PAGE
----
Aya said - {{Sufi, Paraglider's hub was about this thesis: that no one should tell a scientist what issues he "must" address. Paraglider went on to say that a project should be funded by government, but that scientists should be free to do as they wish. I was merely pointing out the internal inconsistencies in that position. Every scientific discovery has ethical ramifications. Most research requires funding. If the funding is not private, then it all boils down to telling scientists what they must or must not do. Everything I said was on point.}}

I wonder if you read the hub at all? I carefully stated that issues 'are' addressed by politicians who control, etc. The 'should be' is your projection onto my original, to set up a straw man to burn down.

Further, I made a clear distinction between 'technologists, engineers and specialists of many disciplines' (in other words, scientific workers) and 'scientists' who, as I stated, 'go their own sweet way'.

Also, at no point did I say that scientists 'should be free to do as they wish'. There's a world of difference between 'doing' and theorising. I think my elephant example should have made that clear.


Aya Katz profile image

Aya Katz 7 years ago from The Ozarks

Paraglider, I did read your hub, but I am astonished by your own interpretation of what it means. For instance, I quote what you wrote: "They [ scientists] ensure that their theories are falsifiable by contradictory observation."

So, if one set of scientists states, as indeed they have, that only humans can acquire language, presumably this statement is falsifiable. How would one go about falsifying it? By showing that a non-human can acquire language. In order to do so, you have to interact with a non-human in ways that might enable the acquisition of language. If the politicians are the ones who control access to non-humans, then the politicians control who can falsify the hypothesis.

Did you really mean that it's the scientists' job to formulate hypotheses, and the politicians' job to go about checking to see if they are false?

That interpretation of your hub never occurred to me until I read your last comment!


Sufidreamer profile image

Sufidreamer 7 years ago from Sparti, Greece

"Did you really mean that it's the scientists' job to formulate hypotheses, and the politicians' job to go about checking to see if they are false?"

Another strawman, Aya - Paraglider never said that; you make a habit of putting words into people's mouths. Now, you are trying to force him into answering a loaded yes/no question. It is another facile appeal to extremism, a blind either/or view of the world.

By that reckoning, experiments such as the Tuskegee Syphilis Experiment should have been allowed to stand, because to do otherwise would have meant letting the evils of government take over. The politicians and lawmakers prevent scientists from crossing ethical boundaries - that is what you cannot seem to grasp. Not perfect, by any means, but science does need clearly defined ethical boundaries, especially in medicine and psychology.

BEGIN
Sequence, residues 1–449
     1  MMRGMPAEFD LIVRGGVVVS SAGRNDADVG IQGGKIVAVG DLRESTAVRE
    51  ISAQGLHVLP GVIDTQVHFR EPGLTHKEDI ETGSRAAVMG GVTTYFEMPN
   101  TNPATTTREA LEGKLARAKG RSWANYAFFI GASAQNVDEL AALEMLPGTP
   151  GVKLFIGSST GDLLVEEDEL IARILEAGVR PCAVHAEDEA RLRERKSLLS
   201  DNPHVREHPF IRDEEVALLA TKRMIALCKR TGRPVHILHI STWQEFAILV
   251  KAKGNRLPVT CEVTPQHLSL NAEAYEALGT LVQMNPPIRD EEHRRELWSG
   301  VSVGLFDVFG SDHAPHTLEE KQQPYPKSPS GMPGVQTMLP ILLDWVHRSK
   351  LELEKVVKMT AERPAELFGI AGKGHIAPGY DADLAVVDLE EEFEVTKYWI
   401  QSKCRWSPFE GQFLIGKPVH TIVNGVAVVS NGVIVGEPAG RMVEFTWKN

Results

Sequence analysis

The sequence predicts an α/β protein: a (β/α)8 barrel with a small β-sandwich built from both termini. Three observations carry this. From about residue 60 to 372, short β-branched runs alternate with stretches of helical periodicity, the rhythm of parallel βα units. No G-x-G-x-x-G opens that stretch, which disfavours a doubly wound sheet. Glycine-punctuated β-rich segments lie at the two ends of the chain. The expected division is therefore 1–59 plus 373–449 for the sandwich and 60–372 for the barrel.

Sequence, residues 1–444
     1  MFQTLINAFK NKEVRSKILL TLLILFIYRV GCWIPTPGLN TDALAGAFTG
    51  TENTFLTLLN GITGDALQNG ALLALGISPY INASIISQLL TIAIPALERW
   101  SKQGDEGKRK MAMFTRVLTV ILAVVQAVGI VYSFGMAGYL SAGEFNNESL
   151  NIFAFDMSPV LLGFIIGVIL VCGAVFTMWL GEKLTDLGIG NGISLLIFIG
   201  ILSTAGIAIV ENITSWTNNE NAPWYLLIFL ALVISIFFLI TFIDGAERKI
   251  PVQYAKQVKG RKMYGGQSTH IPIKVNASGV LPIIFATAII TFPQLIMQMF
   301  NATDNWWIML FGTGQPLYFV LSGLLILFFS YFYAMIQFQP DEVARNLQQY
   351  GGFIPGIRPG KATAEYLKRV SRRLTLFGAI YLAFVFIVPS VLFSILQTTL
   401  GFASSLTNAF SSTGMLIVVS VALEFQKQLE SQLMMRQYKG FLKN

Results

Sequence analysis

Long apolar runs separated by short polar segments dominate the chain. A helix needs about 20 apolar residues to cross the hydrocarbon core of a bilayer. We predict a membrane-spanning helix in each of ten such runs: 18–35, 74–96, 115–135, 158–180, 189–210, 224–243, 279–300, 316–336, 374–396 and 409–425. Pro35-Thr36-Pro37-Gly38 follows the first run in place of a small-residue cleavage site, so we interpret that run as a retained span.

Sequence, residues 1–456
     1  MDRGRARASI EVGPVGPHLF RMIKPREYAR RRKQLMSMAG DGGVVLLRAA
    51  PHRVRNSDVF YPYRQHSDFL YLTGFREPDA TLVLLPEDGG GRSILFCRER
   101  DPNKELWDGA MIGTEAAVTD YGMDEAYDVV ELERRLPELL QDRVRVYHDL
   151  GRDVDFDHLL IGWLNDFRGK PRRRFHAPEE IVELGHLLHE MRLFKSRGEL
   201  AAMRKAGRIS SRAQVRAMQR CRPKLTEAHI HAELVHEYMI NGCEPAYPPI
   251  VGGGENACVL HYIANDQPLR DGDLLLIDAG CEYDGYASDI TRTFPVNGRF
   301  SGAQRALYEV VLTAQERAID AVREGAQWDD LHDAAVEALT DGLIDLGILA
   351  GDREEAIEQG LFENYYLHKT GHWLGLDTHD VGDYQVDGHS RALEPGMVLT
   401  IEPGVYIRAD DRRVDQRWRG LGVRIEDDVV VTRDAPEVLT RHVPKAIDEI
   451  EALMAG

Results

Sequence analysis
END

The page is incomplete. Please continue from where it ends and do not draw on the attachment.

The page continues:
Ethics is an exceptionally complex field, with few right and wrong answers. It is certainly more complex than the 'Little House on the Prairie' simplicity that you keep banging on about. I am starting to understand that you are as dogmatic and uncompromising in your beliefs as the religious extremists.

EDIT: Aya - "Besides which, if we allow bad people to mistreat some children who are under their care, the children will die and will not reproduce and so the torture will be short-lived."

I think that you missed the point with that comment, Aya - I was turning your own words against you, not supporting your argument ;)

In fact, your agreement with that point is giving me goosebumps - that is a very dark place, Aya.


Aya Katz profile image

Aya Katz 7 years ago from The Ozarks

Sufi, perhaps I should clarify what I meant when I said that you made my point for me. You wrote: "Besides which, if we allow bad people to mistreat some children who are under their care, the children will die and will not reproduce and so the torture will be short-lived."

That was my point. I did not make it this explicit, but you did. It's also why I support a mother's right to end a pregnancy.

There is a branch of science that deals with the evolution of morality. It turns out that morality and ethics have survival value. That's why the less we intervene in the lives of others, the more likely it is that those others will find their own way to moral living.

Would I allow dogs to be tortured? Not in my home or under my rule! But the thing is, I don't control what goes on in other places. And I don't have the ambition to start dictating to others. Apparently, you do.


Paraglider profile image

Paraglider 7 years ago from Kyle, Scotland Author

Forgotten the Universities?

But, yes, if some theories in, say, eugenics, can only be tested by unethical means, then it is wholly proper that an official body, whether governmental or approved NGO, should be able to stop the experiments being carried out.


Aya Katz profile image

Aya Katz 7 years ago from The Ozarks

Paraglider, I'm not sure I understand what you mean by "Forgotten the Universities"? Could you clarify?

You seem to be very certain what is unethical when it comes to the treatment of dependents. In this, I think I am less dogmatic than either you or Sufidreamer.